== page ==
The Washington Post‘s Haynes Johnson composed this invaluable, many-sided portrait of Peoria just as the Nixon Administration was collapsing under the weight of the Watergate scandal. Johnson tried to capture the many reactions of Peoria to Watergate, surveying “the middle managers,” “the editor,” “the feminist,” “the bishop,” “the black,” and “the businessman.”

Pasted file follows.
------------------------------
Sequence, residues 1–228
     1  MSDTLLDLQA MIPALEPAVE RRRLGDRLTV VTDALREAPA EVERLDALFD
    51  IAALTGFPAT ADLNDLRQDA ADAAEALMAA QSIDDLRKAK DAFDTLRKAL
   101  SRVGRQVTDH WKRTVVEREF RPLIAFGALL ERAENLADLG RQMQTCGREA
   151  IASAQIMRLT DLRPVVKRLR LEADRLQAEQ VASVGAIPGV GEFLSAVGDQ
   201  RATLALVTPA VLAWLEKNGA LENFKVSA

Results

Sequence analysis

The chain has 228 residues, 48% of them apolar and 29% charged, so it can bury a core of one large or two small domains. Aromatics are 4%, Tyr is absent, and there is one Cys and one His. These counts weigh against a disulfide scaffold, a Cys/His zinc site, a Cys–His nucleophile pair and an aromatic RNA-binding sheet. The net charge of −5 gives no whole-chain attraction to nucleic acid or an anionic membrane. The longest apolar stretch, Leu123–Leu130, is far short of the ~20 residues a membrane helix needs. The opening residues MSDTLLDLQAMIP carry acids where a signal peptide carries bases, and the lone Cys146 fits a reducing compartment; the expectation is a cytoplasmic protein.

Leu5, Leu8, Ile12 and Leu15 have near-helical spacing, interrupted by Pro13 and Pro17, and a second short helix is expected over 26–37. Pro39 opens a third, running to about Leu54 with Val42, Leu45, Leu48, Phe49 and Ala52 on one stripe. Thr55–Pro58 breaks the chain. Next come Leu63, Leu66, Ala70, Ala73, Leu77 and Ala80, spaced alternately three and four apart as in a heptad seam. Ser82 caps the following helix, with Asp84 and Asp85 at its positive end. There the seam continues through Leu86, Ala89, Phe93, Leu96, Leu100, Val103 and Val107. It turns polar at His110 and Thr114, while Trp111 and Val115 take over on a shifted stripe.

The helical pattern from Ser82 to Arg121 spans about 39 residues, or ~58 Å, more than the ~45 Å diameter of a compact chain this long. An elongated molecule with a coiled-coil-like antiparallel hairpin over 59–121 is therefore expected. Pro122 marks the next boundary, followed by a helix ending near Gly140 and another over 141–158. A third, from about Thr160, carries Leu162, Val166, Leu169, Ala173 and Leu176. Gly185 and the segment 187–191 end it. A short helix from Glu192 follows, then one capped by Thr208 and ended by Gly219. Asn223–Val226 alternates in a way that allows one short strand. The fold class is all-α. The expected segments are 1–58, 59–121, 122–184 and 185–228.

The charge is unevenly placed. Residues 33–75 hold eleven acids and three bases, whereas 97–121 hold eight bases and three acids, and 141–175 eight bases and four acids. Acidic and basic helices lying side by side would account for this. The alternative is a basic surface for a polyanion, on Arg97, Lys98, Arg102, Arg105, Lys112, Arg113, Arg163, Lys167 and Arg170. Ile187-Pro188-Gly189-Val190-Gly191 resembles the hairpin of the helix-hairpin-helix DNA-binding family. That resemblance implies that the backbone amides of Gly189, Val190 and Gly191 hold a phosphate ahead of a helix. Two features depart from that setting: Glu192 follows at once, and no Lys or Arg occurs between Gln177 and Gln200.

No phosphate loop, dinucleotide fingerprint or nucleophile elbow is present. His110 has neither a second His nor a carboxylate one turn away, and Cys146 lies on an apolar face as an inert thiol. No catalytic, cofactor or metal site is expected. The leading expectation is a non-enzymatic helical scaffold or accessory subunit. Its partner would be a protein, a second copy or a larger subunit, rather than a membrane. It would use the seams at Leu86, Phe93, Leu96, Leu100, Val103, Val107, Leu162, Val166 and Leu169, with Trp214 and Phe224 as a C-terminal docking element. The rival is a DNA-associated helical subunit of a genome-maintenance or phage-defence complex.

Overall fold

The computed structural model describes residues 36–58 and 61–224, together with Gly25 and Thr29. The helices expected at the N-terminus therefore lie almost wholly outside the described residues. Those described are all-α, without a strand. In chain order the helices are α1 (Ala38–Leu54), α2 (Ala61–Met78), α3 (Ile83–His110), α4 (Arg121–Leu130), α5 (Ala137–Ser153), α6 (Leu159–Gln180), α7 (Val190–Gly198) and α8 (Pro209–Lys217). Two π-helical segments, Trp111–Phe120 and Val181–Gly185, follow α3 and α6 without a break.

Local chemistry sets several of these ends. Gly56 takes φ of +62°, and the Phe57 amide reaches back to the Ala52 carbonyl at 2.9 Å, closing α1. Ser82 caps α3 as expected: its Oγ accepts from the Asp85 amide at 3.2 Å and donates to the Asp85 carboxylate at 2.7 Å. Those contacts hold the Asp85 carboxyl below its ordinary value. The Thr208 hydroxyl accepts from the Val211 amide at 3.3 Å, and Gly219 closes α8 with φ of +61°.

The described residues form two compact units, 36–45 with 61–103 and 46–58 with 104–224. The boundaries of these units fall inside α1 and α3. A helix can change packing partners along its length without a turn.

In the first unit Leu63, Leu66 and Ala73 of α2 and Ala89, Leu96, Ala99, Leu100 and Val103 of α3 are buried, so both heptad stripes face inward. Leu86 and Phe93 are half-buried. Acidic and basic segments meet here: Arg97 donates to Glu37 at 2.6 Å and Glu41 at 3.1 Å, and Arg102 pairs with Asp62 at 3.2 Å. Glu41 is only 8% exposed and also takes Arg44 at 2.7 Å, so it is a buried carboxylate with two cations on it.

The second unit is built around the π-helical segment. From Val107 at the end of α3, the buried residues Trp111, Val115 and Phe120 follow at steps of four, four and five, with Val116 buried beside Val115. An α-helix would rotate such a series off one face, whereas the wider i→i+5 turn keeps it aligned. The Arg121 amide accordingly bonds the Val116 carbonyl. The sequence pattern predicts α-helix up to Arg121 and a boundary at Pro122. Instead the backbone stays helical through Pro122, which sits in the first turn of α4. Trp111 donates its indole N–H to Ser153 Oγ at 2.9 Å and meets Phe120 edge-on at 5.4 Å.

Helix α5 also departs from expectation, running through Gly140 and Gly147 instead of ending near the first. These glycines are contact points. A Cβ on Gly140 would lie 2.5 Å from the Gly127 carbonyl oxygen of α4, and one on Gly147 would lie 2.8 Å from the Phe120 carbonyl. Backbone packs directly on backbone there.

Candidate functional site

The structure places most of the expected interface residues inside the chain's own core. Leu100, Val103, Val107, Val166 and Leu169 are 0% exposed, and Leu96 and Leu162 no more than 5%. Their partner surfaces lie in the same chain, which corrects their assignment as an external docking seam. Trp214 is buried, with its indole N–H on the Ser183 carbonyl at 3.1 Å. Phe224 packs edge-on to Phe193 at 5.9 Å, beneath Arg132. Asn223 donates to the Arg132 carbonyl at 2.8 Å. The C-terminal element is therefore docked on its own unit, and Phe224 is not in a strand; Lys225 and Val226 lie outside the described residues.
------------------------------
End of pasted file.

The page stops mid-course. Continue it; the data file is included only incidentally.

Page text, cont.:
John Gwynn, president of the Peoria and Illinois NAACP, summarized how much — and how little — Peoria had changed for blacks from the early-1950s to 1974. He spoke to the disenchantment, within the black community, that followed the revelations of Watergate: “You see, even though they’ve been denied opportunities all their lives, blacks still had more confidence in the federal government in bringing about justice….[The Watergate scandal is] a shock, and it’s leaving our country wide open. If things don’t change, the attitude is, ‘Well, nothing’s going to change and I’ll free myself my wayany way I have to.'”